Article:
Law Quilt: A response to Edward James' writing on homosexuality

By Robin Bray-Hurren, MFA student

Law Quilt was a response to some of the materials from the Edward James Archive, where Edward James was writing about homosexuality, morality, and the law, including a description of a friends' experience of police entrapment and subsequent court case in LA in the late 1950s.  

There were so many potential places to take work in response to these texts, but one line particularly stood out, 'from early childhood I was taught the law would be my protector and not my persecutor'. This gave me a focus, and I started gathering the different laws used at that time in the USA that were used to persecute LGBTQ people. It wasn't just sodomy laws, there were laws against cross-dressing, which were used against people of all genders, written material discussing homosexuality was considered obscene and therefore illegal to send by post, and bars could lose their liquor licences for serving LGBTQ people, and vaguely worded laws against disorderly conduct gave police officers ways to harass LGBTQ people out on the street for no real reason other than their visible existence. 

I wanted to make something that could hold my feelings about this part of my community's history in a way that a viewer could approach in their own time, and in a way that evokes empathy. A quilt felt like the right kind of object, it connected with domesticity and North America, and could be something that on the surface appeared entirely comforting. The text printed on the fabric was small, and the patches were carefully worked, hopefully inviting the viewer to come in close and allow enough time for the quilt's emotional undertow to break through the surface.

Making the quilt

To start off, I prepared striped and plain cotton ticking by coating them with cyanotype solution, which is light-sensitive. I printed acetates with the different laws I wanted to use, and on every bright day I could, put the acetates on the prepared fabric, weighed them down with a sheet of glass, and exposed them in the sun. After leaving them on the balcony for 10 - 30 minutes (brighter days = shorter exposure) I rinsed the fabric in water to wash away the unexposed fluid and fix the cyanotype on the exposed areas. 

Once my fabric was dry, I cut it into pieces - 5x5cm, 5x8cm, and 5x14cm. Each block took 9 pieces, and to create a 1.95m x 1.5m quilt I needed 130 blocks. Because time ran out, I ended up making it a little smaller than intended - 8 blocks wide by 13 long.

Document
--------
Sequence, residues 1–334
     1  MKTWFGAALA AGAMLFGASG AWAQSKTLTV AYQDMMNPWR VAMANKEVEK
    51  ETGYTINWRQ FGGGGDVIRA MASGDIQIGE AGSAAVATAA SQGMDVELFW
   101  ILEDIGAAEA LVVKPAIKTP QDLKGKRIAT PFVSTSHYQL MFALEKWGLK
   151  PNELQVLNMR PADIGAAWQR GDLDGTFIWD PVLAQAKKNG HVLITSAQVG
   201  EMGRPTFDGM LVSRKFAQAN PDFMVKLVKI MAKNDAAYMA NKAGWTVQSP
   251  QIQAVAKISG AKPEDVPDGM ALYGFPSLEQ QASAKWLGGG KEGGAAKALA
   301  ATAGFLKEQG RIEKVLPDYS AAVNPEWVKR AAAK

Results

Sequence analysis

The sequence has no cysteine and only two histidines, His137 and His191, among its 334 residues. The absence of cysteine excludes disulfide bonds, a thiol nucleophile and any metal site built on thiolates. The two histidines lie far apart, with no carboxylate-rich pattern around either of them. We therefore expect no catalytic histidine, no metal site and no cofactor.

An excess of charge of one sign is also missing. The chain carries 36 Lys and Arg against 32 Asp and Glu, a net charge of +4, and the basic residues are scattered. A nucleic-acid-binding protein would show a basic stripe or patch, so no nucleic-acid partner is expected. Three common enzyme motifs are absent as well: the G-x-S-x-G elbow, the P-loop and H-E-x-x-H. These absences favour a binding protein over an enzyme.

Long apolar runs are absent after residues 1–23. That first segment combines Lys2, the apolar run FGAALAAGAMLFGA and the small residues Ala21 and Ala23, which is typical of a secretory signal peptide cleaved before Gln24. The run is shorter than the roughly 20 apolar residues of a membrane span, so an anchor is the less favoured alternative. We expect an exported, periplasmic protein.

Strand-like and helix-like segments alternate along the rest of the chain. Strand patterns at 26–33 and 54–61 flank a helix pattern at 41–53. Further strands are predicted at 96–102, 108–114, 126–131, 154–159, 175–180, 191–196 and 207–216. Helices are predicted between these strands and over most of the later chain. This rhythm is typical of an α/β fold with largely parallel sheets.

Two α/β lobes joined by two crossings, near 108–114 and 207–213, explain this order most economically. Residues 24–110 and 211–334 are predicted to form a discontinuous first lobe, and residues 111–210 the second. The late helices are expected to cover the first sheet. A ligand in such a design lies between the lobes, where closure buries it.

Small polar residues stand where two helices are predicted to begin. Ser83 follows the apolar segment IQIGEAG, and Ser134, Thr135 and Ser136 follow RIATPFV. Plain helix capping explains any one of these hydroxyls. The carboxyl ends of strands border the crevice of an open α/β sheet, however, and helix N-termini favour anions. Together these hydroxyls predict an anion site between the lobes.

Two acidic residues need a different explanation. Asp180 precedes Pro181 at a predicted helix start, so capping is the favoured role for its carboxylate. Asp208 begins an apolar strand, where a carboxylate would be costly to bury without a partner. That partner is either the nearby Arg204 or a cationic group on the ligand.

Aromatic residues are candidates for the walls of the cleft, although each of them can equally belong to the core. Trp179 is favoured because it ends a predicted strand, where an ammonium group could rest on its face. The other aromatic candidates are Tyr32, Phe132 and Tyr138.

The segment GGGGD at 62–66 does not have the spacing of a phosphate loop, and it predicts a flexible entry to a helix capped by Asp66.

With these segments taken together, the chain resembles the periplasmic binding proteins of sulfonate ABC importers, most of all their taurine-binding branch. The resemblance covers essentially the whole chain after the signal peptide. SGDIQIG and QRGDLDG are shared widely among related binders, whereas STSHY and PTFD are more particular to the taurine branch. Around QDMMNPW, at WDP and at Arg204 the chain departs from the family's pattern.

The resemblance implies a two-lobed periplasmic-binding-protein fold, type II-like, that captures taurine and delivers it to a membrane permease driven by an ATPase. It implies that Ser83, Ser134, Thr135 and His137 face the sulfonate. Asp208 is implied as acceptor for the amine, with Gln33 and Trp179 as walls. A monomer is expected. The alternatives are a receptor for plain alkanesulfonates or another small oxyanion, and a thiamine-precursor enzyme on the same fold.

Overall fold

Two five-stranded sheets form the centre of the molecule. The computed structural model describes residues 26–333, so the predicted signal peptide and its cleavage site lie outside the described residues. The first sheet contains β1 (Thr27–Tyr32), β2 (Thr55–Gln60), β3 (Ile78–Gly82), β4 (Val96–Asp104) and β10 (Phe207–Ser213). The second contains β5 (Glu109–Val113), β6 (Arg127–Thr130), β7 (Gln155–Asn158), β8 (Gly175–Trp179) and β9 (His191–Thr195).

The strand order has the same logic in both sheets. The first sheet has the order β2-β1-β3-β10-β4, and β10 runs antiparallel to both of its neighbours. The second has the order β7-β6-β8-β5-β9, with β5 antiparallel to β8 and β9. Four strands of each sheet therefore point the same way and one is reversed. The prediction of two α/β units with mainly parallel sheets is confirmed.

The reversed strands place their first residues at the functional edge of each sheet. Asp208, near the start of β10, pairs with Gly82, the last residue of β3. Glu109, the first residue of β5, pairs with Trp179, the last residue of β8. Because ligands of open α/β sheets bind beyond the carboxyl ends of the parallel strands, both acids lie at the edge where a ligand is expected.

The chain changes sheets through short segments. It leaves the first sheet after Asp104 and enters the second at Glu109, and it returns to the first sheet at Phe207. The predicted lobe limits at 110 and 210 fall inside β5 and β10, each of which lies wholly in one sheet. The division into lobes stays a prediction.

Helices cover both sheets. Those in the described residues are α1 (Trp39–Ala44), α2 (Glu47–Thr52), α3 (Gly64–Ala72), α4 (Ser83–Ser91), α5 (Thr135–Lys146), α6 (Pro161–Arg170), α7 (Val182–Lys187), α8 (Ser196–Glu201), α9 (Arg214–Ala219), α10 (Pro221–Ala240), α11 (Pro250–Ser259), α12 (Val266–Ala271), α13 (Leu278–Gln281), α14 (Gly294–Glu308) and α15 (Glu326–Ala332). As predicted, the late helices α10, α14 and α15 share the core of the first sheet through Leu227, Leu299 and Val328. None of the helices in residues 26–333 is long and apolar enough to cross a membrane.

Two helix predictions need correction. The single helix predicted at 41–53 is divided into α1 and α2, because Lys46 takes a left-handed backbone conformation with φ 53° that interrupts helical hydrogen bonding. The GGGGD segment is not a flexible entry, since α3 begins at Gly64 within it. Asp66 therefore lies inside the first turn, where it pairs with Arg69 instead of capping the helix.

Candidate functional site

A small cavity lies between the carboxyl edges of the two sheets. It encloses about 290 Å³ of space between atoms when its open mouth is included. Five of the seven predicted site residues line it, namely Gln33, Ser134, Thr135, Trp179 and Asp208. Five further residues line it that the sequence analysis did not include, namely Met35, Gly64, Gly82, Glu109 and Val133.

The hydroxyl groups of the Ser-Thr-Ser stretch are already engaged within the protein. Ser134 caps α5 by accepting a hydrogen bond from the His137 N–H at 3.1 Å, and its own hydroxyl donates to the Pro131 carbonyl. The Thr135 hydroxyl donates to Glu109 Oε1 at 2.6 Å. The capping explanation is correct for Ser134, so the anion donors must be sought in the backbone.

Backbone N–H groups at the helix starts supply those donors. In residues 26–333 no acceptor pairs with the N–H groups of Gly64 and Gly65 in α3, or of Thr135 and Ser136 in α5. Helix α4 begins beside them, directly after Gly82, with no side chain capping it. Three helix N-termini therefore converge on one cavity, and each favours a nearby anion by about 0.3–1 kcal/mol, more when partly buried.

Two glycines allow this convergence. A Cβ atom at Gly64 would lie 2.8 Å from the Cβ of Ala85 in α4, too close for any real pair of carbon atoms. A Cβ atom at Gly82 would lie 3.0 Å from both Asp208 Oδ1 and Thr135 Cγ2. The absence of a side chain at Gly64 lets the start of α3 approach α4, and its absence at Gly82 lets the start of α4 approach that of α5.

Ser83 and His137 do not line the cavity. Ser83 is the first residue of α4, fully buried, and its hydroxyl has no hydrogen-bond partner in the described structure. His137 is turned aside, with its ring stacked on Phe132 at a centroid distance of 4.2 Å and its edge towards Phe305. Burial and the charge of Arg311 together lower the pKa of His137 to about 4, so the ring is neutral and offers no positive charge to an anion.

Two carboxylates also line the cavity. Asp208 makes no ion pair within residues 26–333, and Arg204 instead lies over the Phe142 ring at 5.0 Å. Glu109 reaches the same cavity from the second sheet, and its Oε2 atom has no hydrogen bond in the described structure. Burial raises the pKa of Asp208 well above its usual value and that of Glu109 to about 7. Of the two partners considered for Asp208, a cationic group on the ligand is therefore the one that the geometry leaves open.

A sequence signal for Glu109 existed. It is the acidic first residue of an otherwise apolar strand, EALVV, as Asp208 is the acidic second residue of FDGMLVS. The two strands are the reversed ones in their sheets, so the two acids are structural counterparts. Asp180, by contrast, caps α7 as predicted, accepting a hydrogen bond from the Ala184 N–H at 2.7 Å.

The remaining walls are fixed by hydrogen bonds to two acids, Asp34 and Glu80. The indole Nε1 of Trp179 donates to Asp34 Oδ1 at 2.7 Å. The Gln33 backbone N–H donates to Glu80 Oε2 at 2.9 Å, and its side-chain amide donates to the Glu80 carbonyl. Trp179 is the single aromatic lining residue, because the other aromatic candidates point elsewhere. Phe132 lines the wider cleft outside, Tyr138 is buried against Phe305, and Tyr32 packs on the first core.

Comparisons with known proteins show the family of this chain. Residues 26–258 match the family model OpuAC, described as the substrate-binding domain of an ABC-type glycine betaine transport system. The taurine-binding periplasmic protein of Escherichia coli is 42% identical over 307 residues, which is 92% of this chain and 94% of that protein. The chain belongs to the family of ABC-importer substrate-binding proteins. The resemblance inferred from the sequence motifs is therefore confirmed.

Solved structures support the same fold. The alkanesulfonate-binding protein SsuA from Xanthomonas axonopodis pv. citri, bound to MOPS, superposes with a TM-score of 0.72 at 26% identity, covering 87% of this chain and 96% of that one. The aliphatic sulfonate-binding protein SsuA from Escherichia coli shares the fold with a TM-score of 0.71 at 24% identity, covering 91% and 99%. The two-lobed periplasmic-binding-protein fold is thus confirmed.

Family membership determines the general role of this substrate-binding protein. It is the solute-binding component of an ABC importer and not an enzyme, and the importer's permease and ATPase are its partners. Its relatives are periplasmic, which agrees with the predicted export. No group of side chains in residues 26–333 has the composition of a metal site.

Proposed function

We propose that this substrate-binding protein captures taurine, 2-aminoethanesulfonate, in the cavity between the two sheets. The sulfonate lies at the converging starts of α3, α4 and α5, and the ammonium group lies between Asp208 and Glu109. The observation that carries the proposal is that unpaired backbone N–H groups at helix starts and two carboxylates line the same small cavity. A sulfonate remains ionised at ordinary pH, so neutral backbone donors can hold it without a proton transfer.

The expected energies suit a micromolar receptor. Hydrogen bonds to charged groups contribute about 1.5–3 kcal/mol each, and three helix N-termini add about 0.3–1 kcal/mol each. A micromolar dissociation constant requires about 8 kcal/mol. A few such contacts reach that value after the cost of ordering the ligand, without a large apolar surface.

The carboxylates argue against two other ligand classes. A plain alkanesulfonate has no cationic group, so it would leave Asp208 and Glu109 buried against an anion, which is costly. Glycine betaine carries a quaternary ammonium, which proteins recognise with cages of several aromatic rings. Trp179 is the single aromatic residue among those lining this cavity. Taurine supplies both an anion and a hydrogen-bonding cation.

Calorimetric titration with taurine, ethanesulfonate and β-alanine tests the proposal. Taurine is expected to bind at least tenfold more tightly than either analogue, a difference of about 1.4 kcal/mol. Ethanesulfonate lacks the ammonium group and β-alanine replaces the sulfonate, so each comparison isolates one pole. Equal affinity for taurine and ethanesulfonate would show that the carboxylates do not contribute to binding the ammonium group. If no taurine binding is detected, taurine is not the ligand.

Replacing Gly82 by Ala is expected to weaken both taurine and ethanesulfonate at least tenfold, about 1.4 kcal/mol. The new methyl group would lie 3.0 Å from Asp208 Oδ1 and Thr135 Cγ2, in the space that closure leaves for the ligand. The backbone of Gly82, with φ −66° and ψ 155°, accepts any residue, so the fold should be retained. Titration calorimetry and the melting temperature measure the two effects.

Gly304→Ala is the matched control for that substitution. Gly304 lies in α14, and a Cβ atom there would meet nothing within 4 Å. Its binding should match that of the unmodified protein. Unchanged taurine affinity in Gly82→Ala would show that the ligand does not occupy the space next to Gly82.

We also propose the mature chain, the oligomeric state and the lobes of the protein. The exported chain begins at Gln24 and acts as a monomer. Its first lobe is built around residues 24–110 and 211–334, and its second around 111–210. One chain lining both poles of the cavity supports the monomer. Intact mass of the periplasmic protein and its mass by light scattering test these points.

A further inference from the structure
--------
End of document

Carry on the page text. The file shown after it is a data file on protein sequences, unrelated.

The blocks were constructed using English paper piecing, where a paper template is sewn into the fabric pieces, which are hemmed around the template. This keeps each piece accurate, and gives them a little stability making them easier to hold as the pieces are hand sewn together.

Once all the blocks were made, I stitched them into rows, then stitched the rows together to make a complete quilt top.

The quilt top was then made into a "sandwich" with cotton batting in the middle, and wool pinstripe suiting as the backing fabric. This was tacked together, and I sewed binding around the edges. The last stage was sewing a single stitch through the centre of each block and tied each one off - it's the multiple layers of fabric sewn together that makes a quilt, a quilt. 

Once complete, the quilt was shown as part of the 2021 West Dean Fine Art Summer Show, and at the BOUNCE exhibition by Fine Art students at the Copeland Gallery, Peckham.

Coming In

Recently I was contacted by a curator and interior designer, Davy Pittoors, about the quilt's inclusion in an exhibition called Coming In, exploring queer domestic interiors. Seeing it in an expressly Queer setting, on a bed rather than hung, is a very different experience. It becomes a more defiant object, and to me, less painful. I'll be interested to see how else it can be shared in the future.


The MFA is an advanced two-year full-time masters of fine art designed to further advance student's capacities in practical, theoretical and professional domains, with an emphasis on specialist studio practice. Interdisciplinary practices are encouraged and supported, as well as those focused on a single discipline such as Drawing, Painting, Printmaking, Sculpture, Drawing, Tapestry and Textiles. Students have unrivalled access to fully equipped studios, workshops and facilities making it possible to realise ambitious work.

Find out more about the MFA programme on our next virtual open days, 10th and 24th November.